The Nintendo 64 was a platform with a serious shortage of RPGs, especially in light of it following in the footsteps of the Super Nintendo, which had so many brilliant examples of the genre that are still regarded as classics today. Nintendo had planned a new approach to Mario in the realm of RPGs, but as Squaresoft declined to work with them again in favor of developing Final Fantasy VII on the Playstation, the task instead fell to Intelligent Systems. But does this new approach to a Mario RPG have enough charm to appeal to die-hard RPG fans, or does Paper Mario fall as flat as its namesake?
The Nintendo 64 is the strange middle child of Nintendo's console lineup; choosing to stick with cartridges in an era when optical discs were fast becoming the new standard, as well as utilizing 64-bit architecture that was difficult to program for, alienated many third-party developers from working on it. Even Nintendo seemingly had misgivings about the limitations of cartridges, as they quickly made plans to develop a disk drive addon for the Nintendo 64; however, ongoing delays led to said peripheral only being released in the system's twilight days and only available via mail order in Japan, making it a significant financial and PR failure for the company. As a result of this, many games that were originally planned for the Disk Drive peripheral were either reworked to use base hardware (Kirby 64, Ocarina of Time), ported to other platforms (Dragon Quest VII), or ultimately cancelled entirely (Snatcher, Mother 3).
Paper Mario was one of many games planned for the 64DD platform, though as a result of its failure, it was reworked into a cartridge game and became one of the last major releases for the system. It was also originally developed under the title of "Super Mario RPG 2", though they later changed that as it bore little resemblance to the original Super Mario RPG in terms of design and aesthetic. Indeed, rather than the prerendered CGI style Mario RPG had used, Paper Mario draws more inspiration from western cartoons and Parappa the Rapper on the Playstation, having soft-edged 2D sprites on three-dimensional backdrops that give the game the look of a pop-up book. The game plays with this throughout as well, with characters visibly rotating and falling flat in 3D space and switches causing the scenery to dynamically shift and reassemble into new shapes - something Playstation RPGs with pre-rendered backgrounds weren't able to do, and it's quite fun to watch whenever it occurs.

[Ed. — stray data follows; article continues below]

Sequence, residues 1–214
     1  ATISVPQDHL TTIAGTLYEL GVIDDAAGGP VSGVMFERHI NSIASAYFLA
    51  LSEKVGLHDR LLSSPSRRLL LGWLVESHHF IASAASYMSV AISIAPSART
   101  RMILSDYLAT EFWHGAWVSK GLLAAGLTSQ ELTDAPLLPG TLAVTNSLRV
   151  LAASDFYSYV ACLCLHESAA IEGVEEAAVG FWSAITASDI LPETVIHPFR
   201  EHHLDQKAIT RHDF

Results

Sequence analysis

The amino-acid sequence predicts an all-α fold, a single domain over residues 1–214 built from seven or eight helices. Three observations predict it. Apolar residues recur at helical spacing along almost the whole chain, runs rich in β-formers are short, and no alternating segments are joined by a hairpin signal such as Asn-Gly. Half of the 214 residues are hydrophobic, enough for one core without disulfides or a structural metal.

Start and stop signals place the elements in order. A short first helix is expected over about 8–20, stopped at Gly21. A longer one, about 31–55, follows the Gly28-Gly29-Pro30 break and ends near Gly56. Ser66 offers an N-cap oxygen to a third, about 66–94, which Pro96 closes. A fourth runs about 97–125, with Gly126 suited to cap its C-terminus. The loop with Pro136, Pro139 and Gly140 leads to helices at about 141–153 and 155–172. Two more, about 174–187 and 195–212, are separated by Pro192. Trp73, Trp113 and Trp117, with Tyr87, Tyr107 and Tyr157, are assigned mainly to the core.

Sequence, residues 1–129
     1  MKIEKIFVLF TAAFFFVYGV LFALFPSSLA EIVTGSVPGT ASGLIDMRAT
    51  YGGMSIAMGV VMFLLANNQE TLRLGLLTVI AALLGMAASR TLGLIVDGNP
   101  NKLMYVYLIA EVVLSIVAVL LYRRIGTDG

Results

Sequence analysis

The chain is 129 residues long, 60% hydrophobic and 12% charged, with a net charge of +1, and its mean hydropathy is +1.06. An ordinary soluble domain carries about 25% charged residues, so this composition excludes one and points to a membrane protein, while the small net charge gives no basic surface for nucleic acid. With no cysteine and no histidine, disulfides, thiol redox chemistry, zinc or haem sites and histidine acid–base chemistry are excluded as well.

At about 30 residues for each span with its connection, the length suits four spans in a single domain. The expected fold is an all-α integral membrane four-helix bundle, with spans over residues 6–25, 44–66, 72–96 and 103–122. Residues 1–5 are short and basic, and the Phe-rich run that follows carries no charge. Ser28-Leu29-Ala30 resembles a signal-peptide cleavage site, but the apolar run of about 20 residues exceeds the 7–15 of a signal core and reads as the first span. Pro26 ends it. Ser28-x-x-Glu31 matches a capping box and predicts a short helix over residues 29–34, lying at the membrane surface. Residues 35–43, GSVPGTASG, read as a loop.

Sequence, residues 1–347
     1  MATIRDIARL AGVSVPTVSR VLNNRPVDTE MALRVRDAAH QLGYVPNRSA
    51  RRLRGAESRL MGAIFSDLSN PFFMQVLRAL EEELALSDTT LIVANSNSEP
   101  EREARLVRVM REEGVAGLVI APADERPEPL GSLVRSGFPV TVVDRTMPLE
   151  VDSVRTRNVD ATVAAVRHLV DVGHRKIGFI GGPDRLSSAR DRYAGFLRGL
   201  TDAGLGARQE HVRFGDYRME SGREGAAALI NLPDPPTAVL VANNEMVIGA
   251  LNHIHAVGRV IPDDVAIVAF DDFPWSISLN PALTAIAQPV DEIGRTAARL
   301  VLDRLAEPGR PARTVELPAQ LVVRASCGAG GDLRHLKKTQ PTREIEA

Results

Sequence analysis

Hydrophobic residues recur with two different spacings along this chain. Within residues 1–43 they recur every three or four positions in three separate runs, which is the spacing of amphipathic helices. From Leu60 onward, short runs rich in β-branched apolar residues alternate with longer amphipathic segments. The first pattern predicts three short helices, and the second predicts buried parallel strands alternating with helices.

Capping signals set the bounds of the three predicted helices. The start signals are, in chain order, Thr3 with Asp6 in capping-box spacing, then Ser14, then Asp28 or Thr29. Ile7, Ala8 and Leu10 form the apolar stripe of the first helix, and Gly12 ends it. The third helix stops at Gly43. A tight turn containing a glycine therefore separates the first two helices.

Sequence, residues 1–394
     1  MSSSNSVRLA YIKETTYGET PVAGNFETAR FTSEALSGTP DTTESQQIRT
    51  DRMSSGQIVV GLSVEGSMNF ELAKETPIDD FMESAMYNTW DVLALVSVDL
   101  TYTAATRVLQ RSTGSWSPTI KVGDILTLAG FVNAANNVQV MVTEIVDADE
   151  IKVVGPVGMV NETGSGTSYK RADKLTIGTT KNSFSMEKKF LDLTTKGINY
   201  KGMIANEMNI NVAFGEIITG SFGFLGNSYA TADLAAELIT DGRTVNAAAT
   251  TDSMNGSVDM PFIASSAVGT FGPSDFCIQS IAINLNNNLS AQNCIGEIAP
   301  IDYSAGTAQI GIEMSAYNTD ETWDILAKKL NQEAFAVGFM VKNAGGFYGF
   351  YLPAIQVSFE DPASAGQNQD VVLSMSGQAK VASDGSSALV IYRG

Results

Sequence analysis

Paper Mario's core gameplay is familiar if you've played Mario RPG beforehand, retaining its minigame-based elements in combat. Well-timed button presses cause your attacks to deal extra damage and reduce damage from enemy attacks, and special moves often come with unique minigames of their own - pressing the stick to the left and releasing once a bar fills, mashing the A button to fill a meter, and timed button presses. Some new elements do show themselves, though - the player can now gain an advantage in battle by landing a hit on the enemy before the fight begins, and the enemy can do the same to them, necessitating that they stay vigilant. There is also significantly less of a party dynamic here - though you get multiple sidekick characters throughout the adventure, used both in combat and to solve puzzles outside of it, only one can be active at a time. Enemies don't actively target them, either - only Mario - and if an ally takes damage they'll be incapacitated for one or more turns depending on how much 'damage' they took. SMRPG also had relatively low HP and MP totals signifying its lower-stakes, kid-friendly design, and Paper Mario takes this even further, with your basic attacks doing only one point of damage (two with a timed hit) and generally pretty low HP totals for Mario and his enemies; the absolute maximum being 99. On the other hand, this does give you a greater expectation of how your attacks can do, and even one or two points of Defense can be a serious hurdle to overcome.